he sent messengers to the men of Jabesh Gilead to say to them, "The LORD bless you for showing this kindness to Saul your master by burying him.
May the LORD now show you kindness and faithfulness, and I too will show you the same favor because you have done this.
Now then, be strong and brave, for Saul your master is dead, and the house of Judah has anointed me king over them."
Meanwhile, Abner son of Ner, the commander of Saul's army, had taken Ish-Bosheth son of Saul and brought him over to Mahanaim.
He made him king over Gilead, Ashuri and Jezreel, and also over Ephraim, Benjamin and all Israel.
Ish-Bosheth son of Saul was forty years old when he became king over Israel, and he reigned two years. The house of Judah, however, followed David.
The length of time David was king in Hebron over the house of Judah was seven years and six months.
Abner son of Ner, together with the men of Ish-Bosheth son of Saul, left Mahanaim and went to Gibeon.
Joab son of Zeruiah and David's men went out and met them at the pool of Gibeon. One group sat down on one side of the pool and one group on the other side.
Then Abner said to Joab, "Let's have some of the young men get up and fight hand to hand in front of us." "All right, let them do it," Joab said.
So they stood up and were counted off--twelve men for Benjamin and Ish-Bosheth son of Saul, and twelve for David.
Then each man grabbed his opponent by the head and thrust his dagger into his opponent's side, and they fell down together. So that place in Gibeon was called Helkath Hazzurim.
The battle that day was very fierce, and Abner and the men of Israel were defeated by David's men.
The three sons of Zeruiah were there: Joab, Abishai and Asahel. Now Asahel was as fleet-footed as a wild gazelle.
He chased Abner, turning neither to the right nor to the left as he pursued him.
Abner looked behind him and asked, "Is that you, Asahel?" "It is," he answered.
Then Abner said to him, "Turn aside to the right or to the left; take on one of the young men and strip him of his weapons." But Asahel would not stop chasing him.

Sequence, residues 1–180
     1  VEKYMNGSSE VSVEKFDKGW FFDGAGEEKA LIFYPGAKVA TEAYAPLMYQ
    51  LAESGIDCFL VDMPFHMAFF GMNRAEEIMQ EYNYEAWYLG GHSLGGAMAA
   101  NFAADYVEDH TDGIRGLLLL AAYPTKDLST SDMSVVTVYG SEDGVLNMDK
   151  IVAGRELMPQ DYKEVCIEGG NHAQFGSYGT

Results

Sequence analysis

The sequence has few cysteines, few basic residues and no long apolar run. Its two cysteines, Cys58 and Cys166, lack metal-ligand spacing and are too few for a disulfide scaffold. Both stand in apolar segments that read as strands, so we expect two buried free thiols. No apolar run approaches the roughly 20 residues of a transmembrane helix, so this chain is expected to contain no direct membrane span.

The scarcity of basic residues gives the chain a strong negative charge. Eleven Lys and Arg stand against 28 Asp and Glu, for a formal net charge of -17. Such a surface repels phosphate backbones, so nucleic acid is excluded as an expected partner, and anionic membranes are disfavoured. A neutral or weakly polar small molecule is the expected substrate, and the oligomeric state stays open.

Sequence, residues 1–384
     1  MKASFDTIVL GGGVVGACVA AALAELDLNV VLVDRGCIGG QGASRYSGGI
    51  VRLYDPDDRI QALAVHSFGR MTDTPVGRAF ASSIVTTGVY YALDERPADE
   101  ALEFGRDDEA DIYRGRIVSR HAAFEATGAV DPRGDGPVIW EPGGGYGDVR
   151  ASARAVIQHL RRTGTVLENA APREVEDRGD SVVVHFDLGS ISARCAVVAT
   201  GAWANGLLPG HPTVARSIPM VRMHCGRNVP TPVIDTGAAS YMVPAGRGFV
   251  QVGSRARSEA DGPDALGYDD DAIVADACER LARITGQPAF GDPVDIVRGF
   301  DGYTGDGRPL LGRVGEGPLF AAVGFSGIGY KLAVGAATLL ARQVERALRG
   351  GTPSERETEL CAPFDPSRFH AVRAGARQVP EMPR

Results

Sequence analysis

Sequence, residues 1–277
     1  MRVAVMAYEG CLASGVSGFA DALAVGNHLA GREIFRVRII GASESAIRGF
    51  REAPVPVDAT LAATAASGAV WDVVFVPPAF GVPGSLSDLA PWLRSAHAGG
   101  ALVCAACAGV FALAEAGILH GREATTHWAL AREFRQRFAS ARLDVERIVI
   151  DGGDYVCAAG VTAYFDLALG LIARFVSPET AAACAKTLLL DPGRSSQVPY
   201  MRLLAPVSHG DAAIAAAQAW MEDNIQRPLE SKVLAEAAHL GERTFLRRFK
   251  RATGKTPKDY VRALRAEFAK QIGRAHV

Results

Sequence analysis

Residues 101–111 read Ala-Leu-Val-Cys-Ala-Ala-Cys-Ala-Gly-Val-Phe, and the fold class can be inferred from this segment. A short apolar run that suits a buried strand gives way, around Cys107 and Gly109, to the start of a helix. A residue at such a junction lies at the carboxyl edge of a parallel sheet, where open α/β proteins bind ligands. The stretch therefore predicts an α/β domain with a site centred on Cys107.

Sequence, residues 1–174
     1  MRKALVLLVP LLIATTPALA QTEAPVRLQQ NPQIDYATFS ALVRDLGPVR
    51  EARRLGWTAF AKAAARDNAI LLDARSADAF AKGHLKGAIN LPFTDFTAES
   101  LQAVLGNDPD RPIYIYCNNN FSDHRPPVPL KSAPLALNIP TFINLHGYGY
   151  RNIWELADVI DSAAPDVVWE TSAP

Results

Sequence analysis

Again Abner warned Asahel, "Stop chasing me! Why should I strike you down? How could I look your brother Joab in the face?"
But Asahel refused to give up the pursuit; so Abner thrust the butt of his spear into Asahel's stomach, and the spear came out through his back. He fell there and died on the spot. And every man stopped when he came to the place where Asahel had fallen and died.
But Joab and Abishai pursued Abner, and as the sun was setting, they came to the hill of Ammah, near Giah on the way to the wasteland of Gibeon.
Then the men of Benjamin rallied behind Abner. They formed themselves into a group and took their stand on top of a hill.
Abner called out to Joab, "Must the sword devour forever? Don't you realize that this will end in bitterness? How long before you order your men to stop pursuing their brothers?"
Joab answered, "As surely as God lives, if you had not spoken, the men would have continued the pursuit of their brothers until morning. "
So Joab blew the trumpet, and all the men came to a halt; they no longer pursued Israel, nor did they fight anymore.
All that night Abner and his men marched through the Arabah. They crossed the Jordan, continued through the whole Bithron and came to Mahanaim.
Then Joab returned from pursuing Abner and assembled all his men. Besides Asahel, nineteen of David's men were found missing.
But David's men had killed three hundred and sixty Benjamites who were with Abner.
They took Asahel and buried him in his father's tomb at Bethlehem. Then Joab and his men marched all night and arrived at Hebron by daybreak.